The script’s haphazard nature is usually blamed on John Fletcher, Shakespeare’s possible collaborator on this play (and on The Two Noble Kinsmen, which was also completed in 1613). The Bard was nearing retirement at that point, Fletcher was young, and the play may well have been a rush job, made to order as wedding entertainment for the daughter of King James I, who had succeeded Elizabeth I (Henry’s daughter) a few years earlier.

Not surprisingly, given that genesis, the play is longer on pageantry than on plot, and it is entirely uncritical of Henry, who’s depicted not as a randy, heir-obsessed Machiavellian, but as a well-meaning king occasionally led astray by scheming advisors. Jesson plays him as a gruffly imperious guy with down-to-earth tastes in women, and the director has permitted him to strap on an upward-curving foot-long phallus while attending an intimate little bacchanal at Cardinal Wolsey’s rectory—none of which keeps the underwritten character from fading into designer Robert Jones’ opulently gilded woodwork.

Lapotaire’s Queen Katherine, on the other hand, commands attention from the moment she enters the court one otherwise unremarkable day to discover a single throne centered in the space that once held two. Paling, then quickly settling onto a small stool nearby, the actress is breath-catchingly economical in depicting the canny queen’s thought processes. And in the fight that ensues, she is riveting, ferocious, and ultimately heartbreaking.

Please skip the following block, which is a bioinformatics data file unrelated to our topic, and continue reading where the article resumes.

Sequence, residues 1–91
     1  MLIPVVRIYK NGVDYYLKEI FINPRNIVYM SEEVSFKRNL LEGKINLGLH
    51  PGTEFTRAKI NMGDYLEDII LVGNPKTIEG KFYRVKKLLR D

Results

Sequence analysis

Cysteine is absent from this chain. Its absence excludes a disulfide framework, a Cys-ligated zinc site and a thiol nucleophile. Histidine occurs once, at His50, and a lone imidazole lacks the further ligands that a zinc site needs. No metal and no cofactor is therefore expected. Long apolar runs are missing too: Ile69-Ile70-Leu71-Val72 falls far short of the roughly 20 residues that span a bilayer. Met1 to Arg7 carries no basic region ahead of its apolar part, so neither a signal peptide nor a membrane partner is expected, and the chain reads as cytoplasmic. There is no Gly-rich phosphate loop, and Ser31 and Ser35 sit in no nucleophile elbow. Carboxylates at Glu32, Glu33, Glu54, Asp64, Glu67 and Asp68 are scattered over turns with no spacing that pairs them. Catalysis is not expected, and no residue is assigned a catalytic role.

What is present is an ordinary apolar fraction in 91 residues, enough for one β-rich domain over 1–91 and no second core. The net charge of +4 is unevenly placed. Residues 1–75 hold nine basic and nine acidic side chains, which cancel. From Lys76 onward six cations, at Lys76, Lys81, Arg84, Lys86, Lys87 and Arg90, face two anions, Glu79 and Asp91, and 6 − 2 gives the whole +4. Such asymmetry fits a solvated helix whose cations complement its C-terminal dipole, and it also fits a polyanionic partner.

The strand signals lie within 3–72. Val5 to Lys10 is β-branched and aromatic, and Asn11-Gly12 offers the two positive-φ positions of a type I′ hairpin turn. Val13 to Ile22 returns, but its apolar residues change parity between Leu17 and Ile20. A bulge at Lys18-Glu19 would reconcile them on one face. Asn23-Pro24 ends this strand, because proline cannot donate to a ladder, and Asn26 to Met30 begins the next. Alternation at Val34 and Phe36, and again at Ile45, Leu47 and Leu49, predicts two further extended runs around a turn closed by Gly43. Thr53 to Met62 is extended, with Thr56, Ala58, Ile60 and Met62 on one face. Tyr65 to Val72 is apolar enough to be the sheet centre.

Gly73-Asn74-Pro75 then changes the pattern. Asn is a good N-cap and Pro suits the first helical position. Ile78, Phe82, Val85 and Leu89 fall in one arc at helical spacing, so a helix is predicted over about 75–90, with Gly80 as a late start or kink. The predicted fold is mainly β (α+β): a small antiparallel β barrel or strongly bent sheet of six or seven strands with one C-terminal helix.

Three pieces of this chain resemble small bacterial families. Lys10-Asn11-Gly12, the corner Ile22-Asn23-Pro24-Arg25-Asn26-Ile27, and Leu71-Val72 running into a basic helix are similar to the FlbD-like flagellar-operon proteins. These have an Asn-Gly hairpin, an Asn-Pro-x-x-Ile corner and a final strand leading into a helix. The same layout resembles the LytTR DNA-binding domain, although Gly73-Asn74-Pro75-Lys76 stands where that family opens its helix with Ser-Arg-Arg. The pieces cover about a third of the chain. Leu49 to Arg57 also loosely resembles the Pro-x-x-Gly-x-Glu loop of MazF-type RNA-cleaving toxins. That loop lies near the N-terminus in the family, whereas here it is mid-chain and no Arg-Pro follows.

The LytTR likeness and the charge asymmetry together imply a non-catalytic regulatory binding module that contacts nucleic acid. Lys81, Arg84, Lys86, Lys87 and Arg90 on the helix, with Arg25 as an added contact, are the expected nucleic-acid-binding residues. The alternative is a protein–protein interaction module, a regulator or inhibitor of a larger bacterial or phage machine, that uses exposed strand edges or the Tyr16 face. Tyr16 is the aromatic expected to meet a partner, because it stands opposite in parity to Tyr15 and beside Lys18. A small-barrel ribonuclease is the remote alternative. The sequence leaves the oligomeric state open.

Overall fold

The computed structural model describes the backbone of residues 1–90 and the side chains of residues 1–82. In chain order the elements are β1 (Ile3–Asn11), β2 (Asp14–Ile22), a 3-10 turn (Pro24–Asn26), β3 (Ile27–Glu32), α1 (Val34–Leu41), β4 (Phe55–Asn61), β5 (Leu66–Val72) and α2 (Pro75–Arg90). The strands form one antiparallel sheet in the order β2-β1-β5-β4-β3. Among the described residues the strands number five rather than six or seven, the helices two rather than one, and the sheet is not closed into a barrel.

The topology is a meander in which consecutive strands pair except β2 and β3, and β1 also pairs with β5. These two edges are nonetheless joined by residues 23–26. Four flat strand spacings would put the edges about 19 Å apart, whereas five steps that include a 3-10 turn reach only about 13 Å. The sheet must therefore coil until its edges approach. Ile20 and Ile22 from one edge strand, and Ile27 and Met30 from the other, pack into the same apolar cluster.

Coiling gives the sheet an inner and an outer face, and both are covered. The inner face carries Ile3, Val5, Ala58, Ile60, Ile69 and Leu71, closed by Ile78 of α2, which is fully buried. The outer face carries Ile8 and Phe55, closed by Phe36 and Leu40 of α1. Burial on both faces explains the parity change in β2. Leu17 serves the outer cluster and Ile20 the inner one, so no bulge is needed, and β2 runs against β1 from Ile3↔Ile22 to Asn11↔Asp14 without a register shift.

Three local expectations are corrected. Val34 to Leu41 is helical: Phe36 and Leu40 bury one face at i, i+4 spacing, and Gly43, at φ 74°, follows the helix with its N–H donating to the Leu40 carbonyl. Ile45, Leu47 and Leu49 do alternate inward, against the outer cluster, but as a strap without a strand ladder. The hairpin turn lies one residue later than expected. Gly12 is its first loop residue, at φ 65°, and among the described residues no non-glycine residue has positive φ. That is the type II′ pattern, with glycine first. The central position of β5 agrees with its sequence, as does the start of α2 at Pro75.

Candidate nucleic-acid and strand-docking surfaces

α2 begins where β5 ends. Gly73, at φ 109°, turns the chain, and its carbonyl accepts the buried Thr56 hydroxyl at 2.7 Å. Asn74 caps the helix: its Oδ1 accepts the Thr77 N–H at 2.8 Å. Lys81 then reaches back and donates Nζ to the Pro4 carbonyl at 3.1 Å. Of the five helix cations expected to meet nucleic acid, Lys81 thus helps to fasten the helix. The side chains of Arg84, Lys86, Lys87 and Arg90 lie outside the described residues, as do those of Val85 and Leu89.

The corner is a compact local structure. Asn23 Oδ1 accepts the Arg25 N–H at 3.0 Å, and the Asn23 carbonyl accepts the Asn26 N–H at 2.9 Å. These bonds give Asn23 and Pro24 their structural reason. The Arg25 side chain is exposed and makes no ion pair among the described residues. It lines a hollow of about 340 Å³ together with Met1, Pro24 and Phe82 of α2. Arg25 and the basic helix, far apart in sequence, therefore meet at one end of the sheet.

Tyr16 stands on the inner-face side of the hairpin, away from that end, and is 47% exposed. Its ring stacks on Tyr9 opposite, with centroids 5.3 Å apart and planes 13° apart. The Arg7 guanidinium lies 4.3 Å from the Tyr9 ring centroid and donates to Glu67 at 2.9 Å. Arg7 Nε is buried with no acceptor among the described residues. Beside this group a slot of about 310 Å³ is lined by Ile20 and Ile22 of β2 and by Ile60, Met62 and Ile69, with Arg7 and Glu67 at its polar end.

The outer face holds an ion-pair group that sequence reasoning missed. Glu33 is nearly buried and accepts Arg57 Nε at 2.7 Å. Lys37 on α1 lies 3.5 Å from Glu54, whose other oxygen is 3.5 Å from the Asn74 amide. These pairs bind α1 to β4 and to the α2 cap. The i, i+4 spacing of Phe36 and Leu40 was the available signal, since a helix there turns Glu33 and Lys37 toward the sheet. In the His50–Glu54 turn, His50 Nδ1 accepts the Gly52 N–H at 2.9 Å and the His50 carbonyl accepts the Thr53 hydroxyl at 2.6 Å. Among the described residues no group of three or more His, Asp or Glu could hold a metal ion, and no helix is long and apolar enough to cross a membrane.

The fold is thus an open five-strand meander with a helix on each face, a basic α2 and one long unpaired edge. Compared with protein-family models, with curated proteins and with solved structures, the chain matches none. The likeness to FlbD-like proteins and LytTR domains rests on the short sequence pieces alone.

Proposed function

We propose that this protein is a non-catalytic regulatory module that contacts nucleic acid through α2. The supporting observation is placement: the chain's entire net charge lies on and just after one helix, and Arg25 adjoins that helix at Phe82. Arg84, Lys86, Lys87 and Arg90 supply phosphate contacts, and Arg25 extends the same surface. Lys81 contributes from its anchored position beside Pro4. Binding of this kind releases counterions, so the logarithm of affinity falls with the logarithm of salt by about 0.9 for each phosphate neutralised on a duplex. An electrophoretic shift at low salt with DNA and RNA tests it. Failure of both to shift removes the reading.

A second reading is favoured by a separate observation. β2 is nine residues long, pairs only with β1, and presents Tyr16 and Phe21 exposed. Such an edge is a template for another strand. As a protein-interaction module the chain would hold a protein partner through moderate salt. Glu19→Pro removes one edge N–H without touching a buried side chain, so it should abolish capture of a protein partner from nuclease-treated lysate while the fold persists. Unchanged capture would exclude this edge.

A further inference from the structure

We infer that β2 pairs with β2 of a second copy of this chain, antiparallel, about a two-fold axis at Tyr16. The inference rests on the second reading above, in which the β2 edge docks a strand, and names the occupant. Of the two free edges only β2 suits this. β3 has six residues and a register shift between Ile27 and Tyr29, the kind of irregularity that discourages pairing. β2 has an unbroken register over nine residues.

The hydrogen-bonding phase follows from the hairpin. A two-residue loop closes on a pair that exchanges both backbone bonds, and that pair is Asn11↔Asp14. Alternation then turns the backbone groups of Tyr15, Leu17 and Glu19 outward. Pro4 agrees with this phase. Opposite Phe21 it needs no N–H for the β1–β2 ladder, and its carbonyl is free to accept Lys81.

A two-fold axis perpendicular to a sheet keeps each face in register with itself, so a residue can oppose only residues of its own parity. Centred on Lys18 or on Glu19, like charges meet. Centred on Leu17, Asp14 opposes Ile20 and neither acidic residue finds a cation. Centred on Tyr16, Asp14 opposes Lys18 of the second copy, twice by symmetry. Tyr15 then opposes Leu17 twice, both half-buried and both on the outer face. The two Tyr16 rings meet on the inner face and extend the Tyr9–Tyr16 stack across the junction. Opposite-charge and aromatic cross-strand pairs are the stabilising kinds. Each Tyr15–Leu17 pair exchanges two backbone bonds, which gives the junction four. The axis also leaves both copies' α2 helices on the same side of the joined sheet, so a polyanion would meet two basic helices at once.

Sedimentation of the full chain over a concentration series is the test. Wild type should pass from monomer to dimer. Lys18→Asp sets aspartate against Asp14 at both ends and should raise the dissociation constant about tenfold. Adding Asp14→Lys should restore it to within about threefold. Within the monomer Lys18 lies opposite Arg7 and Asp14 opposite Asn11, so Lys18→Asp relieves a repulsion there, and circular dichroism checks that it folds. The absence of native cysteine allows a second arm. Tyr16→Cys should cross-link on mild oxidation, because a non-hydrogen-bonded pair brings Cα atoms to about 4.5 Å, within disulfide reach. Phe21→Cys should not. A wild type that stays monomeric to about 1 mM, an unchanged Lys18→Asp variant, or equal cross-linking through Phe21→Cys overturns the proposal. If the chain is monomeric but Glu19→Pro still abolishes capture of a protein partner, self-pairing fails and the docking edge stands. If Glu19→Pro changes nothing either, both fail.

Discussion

As Katherine’s chief antagonist, Hogg’s surprisingly libidinous Wolsey is a nasty, snarling, and somehow charming monster who seems eminently deserving of all the ill that eventually comes to him. And in lesser roles, Claire Marchionne makes an empathetic Anne Boleyn, worriedly touching her throat as a premonition of her future flashes through her mind in the play’s final seconds, while Paul Greenwood’s decent, doomed Buckingham exudes nobility as he’s marched off by the executioner. Also adept is David Collings as a resourceful, cannily insistent Archbishop of Canterbury.

The RSC’s jewel box of a production, with its shimmering golden throne room (which remains hidden, except for state occasions, behind huge iron doors) is at once lavish and spare, decorative and symbolic, classical and modern. And the action that takes place within its walls is vigorous and often enthralling, even if it sometimes feels patched together. In short, this Henry VIII is about as splendid a mounting as it is reasonable to expect of a play few D.C. theatergoers are ever likely to see again. If you’re any kind of Shakespeare collector, don’t even think of letting it slip away.